Film Title: Begin Again (2013)

Director: John Carney

Actors: Mark Ruffalo, Keira Knightley, Adam Levine, Hailee Steinfeld, James Corden, Catherine Keener…



Begin Again is the tale of second chances for lost souls or rather lost stars. Gretta and Dave Kohl are college sweethearts and song-writing partners who move to New York after Dave lands music deal with a major production label. They both begin to live and feel the life of stardom almost the instant they step into New York, with lavish accommodations, transportation etc. Over time, Dave begins to stray due to the trappings of his newfound fame, which ultimately leads to the end of their relationship, and Gretta is left on her own in the city. However, Gretta’s world takes a turn for the better when Dan, a disgraced and ex-record label executive discovers her raw music prowess and song writing skills. From this chance encounter, the two set on a journey where music and life are celebrated in its simplest form.


I have nothing but praise for this film. It’s a hit on so many levels; the music, cinematography, storyline, and light-breeze acting. First, music was the main theme of the film so that’s one of the most overpowering forces of the film – rich and beautiful music. It was incredible to see music being celebrated in its simplest form; the artist, a pen & paper, an instrument and a recording device. It showcases music like we are not used to these days, that is, music that isn’t overproduced to appeal to club-goers or radio-listeners. It was for people that appreciate rhythms tastefully combined together without any added unnecessary stuff. In terms of storyline, the movie certainly excelled. I honestly love a film that keeps you attentive, so a film that is structured in a non-linear narrative definitely does that. Begin Again had a non-linear structure so it followed the memories and perspectives of the main actors in no particular order. This was certainly interesting to watch. In addition, the storyline and cinematography of the film were great and engaging. The film made you fall in love with New York City with its seduction of making dreams come true and its beautiful scenery and bright lights.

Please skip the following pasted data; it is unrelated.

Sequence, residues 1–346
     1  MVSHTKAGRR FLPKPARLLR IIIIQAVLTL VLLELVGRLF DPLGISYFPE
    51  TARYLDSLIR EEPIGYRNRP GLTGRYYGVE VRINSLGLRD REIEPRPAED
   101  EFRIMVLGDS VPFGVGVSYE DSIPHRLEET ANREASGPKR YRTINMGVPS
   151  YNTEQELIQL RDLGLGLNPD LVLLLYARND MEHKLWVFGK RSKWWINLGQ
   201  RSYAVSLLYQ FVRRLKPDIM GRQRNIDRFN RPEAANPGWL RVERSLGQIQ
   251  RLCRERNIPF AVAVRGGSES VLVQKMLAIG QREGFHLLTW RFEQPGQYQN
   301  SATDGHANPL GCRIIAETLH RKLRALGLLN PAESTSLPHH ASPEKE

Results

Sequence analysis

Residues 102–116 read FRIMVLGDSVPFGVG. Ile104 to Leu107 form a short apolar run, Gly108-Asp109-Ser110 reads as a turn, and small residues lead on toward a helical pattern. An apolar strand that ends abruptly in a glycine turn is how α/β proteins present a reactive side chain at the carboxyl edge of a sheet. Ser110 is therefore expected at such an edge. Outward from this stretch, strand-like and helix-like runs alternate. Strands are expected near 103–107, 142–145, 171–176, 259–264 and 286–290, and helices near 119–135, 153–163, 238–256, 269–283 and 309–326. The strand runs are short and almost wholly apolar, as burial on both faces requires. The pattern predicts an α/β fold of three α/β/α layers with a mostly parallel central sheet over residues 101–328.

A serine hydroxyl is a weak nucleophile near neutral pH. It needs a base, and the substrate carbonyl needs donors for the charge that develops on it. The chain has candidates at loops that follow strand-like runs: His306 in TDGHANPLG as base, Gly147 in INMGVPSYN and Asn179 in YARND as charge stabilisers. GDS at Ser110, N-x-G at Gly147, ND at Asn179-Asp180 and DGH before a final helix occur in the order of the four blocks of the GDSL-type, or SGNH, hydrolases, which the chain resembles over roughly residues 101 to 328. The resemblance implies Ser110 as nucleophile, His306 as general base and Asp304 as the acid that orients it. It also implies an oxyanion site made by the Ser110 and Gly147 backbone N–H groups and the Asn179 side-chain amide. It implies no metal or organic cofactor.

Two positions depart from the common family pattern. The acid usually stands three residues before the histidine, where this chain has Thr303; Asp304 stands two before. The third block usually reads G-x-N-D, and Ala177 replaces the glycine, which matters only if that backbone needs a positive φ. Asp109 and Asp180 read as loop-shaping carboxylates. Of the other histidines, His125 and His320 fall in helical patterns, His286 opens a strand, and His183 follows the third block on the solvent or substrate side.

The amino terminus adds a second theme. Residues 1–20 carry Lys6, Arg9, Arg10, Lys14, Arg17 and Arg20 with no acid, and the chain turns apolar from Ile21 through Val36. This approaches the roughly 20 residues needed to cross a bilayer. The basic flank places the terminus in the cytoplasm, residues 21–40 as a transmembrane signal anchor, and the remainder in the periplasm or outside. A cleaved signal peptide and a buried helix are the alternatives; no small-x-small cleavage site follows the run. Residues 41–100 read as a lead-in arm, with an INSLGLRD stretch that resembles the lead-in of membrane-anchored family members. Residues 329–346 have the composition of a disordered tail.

The acting definitely suit the atmosphere of the film, it was light and pleasant to watch. It was meant to be a feel-good comedy and I think the actors did the film justice with that. Of course, there wasn’t an award winning performance, perhaps that of Mark Ruffalo and Keira Knightley stood out from the rest of the cast, but it may be because these two are always so great at whatever roles they play. Another thing I definitely have to praise this film for apart from the beautiful music is its defiance and the fact that it didn’t go the typical romantic comedy route. Basically, there were instances were you could almost predict the way the story was going to go, but every time you were left pleasantly surprised in a good way. Director, John Carney, certainly created a brilliant film that celebrates family, life, music, New York, simplicity and an ode to relationships. So our verdict for the film is that it’s a beautiful, simple, feel-good and uplifting film that’ll keep you entertained from the beginning to the end. It’s a great summer film that should be seen not in major cinemas but in an independent movie house, an old theatre perhaps?

Of course this film used wonderful and beautiful music from the beginning to the end, but our favourite is definitely Adam Levine’s version of Lost Stars, here:

Also, feel free to watch the film trailer below:

In the spirit of celebrating music and life, this film has inspired us to celebrate real music in our world, music that isn’t over produced or created simply for mass appeal. If you know any artist or any band creating beautiful music just because they love to, please send us an email at We will place their work on our official home page, so that our viewers can apppreciate raw music and celebrate talented individuals with us.